Jason Robards Shines in Film Adaptation of Popular Comedic Stage Play.
DIRECTED BY FRED COE/1965
BLU-RAY STREET DATE: MAY 5, 2020/KL STUDIO CLASSICS
A Thousand Clowns is one of a dozen or so plays that was assigned to us in high school Acting class. If I personally did not perform ten or so pages from the Herb Gardner comedy in my multiple semesters of taking said class (I don’t remember at this point), I absolutely sat through numerous attempts by fellow classmates. Nobody really wanted to be handed the A Thousand Clowns pages per se, though they weren’t necessarily unfunny to us at that age. It’s just, there were Neil Simon pages in the mix. It must be said, though, the aspiring comedy performers would just be glad that they didn’t get The Miracle Worker.
What we failed to understand was the Jason Robards factor. Robards, in reprising his lead part for the 1965 movie adaptation from the highly successful 1962 Broadway production, is pure gold. He completely, thoroughly owns this role as much as any actor has ever completely, thoroughly owned any role. He plays the sharp-as-a-tack life dropout Murray Burns, drifting through his days in New York City with his young nephew, Nick (Barry Gordon), who is described at one point as a “middle-aged kid”. Nick knows a thing or two about a thing or two and has a very literal way of processing life, to boot. But even an apparent maturity beyond his years is not enough to keep the child welfare workers away from their door.
The child welfare workers, played by William Daniels and Barbara Harris, are a stern couple of pencil-pushers, at least at first. Daniels’ character, Albert, is a particularly mechanical stiff who turns out to be poignantly self-aware. Harris, as Sandra, goes a very different direction, as she finds herself in love with Murray. Thankfully, it’s wonderfully reciprocal, meaning that not only do they get to share a bicycle-built-for-two montage, but she’s there to shepherd him through the custody process.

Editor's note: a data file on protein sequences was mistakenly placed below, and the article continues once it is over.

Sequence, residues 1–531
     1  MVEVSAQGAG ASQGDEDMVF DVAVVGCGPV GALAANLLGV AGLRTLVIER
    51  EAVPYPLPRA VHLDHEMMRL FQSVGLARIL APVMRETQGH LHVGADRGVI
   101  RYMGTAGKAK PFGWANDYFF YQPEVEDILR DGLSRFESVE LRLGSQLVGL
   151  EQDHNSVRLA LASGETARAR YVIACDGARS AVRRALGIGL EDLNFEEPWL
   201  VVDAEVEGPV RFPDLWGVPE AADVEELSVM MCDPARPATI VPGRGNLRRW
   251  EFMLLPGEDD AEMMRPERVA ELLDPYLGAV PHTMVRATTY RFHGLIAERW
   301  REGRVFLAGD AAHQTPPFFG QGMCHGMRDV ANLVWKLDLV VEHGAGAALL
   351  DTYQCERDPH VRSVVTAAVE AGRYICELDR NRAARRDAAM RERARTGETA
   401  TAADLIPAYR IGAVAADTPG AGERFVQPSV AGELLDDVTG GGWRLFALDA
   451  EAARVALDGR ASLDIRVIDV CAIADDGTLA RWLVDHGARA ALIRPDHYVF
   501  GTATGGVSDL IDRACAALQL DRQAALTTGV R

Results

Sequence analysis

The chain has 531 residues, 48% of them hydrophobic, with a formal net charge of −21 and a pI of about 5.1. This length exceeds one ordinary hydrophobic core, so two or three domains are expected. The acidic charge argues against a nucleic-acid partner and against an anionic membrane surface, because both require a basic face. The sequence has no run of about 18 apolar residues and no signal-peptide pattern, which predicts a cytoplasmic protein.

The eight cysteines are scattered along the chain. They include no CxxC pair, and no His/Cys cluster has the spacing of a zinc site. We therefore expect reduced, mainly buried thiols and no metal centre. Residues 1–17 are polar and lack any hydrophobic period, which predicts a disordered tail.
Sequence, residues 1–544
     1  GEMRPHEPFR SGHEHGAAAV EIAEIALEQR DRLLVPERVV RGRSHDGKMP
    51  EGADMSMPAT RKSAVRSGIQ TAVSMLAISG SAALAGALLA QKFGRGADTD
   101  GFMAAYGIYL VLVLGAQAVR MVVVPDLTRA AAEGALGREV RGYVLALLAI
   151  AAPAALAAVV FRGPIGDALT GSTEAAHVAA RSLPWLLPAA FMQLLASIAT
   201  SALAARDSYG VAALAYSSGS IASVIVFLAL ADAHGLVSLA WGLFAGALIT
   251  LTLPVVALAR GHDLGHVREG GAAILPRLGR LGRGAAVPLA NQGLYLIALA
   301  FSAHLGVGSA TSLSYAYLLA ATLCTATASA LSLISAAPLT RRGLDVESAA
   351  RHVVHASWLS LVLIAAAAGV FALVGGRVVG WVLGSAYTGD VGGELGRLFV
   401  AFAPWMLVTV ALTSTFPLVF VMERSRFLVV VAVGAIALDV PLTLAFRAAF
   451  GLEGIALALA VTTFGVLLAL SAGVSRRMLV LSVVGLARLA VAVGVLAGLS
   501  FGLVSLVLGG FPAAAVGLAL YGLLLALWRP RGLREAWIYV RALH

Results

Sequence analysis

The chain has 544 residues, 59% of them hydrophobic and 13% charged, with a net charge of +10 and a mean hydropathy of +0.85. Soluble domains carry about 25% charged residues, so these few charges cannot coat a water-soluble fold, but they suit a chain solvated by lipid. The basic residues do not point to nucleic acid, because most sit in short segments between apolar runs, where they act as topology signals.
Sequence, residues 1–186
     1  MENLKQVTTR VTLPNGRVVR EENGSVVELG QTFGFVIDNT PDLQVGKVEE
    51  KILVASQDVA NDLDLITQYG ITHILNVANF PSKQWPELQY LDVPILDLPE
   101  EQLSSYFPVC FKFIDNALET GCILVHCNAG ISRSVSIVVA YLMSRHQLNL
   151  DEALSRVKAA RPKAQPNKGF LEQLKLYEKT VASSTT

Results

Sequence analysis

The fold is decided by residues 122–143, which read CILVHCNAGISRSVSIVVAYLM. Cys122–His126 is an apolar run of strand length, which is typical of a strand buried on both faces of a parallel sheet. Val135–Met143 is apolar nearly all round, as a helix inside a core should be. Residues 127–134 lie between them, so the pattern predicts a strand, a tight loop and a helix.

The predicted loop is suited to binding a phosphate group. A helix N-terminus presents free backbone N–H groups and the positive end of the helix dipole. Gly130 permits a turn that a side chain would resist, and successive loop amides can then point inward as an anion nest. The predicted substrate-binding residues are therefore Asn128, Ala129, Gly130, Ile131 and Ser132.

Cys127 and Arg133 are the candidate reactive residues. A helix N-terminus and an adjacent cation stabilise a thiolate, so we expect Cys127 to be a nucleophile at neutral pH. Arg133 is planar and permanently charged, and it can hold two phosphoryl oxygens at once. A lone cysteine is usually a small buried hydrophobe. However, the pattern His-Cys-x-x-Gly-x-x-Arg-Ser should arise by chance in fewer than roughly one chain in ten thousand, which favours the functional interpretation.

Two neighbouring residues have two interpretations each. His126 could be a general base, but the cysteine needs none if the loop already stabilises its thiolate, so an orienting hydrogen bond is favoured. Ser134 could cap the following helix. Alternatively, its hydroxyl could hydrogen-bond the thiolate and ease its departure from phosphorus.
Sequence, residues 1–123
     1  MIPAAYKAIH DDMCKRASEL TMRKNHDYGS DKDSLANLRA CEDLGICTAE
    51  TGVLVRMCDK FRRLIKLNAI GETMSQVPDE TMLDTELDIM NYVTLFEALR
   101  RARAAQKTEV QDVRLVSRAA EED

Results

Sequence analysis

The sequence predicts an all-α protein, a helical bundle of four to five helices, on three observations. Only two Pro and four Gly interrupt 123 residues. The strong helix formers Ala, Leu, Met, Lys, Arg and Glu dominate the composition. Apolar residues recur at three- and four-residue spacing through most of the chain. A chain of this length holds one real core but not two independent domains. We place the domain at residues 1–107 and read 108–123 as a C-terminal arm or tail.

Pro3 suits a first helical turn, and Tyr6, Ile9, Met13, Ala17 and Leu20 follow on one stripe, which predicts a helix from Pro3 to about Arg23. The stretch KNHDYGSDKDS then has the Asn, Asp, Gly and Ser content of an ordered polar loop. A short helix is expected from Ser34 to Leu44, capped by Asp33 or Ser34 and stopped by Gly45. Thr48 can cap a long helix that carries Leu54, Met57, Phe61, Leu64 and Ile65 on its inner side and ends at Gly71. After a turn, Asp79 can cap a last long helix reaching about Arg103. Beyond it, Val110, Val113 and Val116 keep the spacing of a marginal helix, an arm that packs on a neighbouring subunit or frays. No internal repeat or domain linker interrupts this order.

Sure, Murray and Nick have been reduced to sharing a dingy one-room apartment filled with arbitrary accumulated dust-covered junk. And sure, they’ve taken to wandering the streets of the Big Apple like a pair of bohemian nomads. And yeah, Murray is indoctrinating Nick into thinking that going to work for a living is soul-sucking grind that only suckers would follow through on.
Murray: “Nick, in a moment you are going to see a horrible thing.”
Nick: “What’s that?”
Murray: “People going to work.”
In order to keep Nick, Murray knows deep down that he must swallow his pride and get a job. Will he be able to do that? It’s not for lack of offers- Murray, it turns out, is turning down high-paying television writing positions. Because those television shows suck.
Cue the marching band music. No, seriously- cue the marching band music! This movie, apparently in step with the play it’s based upon, utilizes nothing but marching band standards throughout; kind of a makeshift cacophony straddling an invisible line between Greatest Show on Earth and headache. This being the mid-1960’s, the music cold-cuts in and out throughout the entire film.
A few other notes about the mid-1960’s milieu of A Thousand Clowns:
- It is shot in black and white, as this was a time when American movies could viably be shot in either black and white, or color. Black and white is a terrific choice for this story of a man who must cut corners due to his very particular worldview.